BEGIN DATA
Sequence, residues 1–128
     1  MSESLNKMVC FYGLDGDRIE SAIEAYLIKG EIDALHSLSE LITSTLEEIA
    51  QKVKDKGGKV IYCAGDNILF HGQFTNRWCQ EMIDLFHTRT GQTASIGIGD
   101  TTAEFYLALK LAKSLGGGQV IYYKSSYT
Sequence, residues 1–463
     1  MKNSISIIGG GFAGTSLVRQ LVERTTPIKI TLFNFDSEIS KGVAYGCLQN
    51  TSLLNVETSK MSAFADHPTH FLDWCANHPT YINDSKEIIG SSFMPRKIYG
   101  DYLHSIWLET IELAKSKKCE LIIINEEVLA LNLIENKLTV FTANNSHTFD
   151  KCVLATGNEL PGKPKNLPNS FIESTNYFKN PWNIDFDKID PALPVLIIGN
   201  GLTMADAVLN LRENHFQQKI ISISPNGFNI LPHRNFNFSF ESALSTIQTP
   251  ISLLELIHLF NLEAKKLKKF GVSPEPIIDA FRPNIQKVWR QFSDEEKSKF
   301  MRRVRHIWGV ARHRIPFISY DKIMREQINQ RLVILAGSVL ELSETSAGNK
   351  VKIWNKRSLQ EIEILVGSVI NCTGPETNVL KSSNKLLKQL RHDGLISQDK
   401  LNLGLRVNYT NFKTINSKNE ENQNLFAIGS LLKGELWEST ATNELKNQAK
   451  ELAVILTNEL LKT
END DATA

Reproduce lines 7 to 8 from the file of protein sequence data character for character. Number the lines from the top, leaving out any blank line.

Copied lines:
    51  TSLLNVETSK MSAFADHPTH FLDWCANHPT YINDSKEIIG SSFMPRKIYG
   101  DYLHSIWLET IELAKSKKCE LIIINEEVLA LNLIENKLTV FTANNSHTFD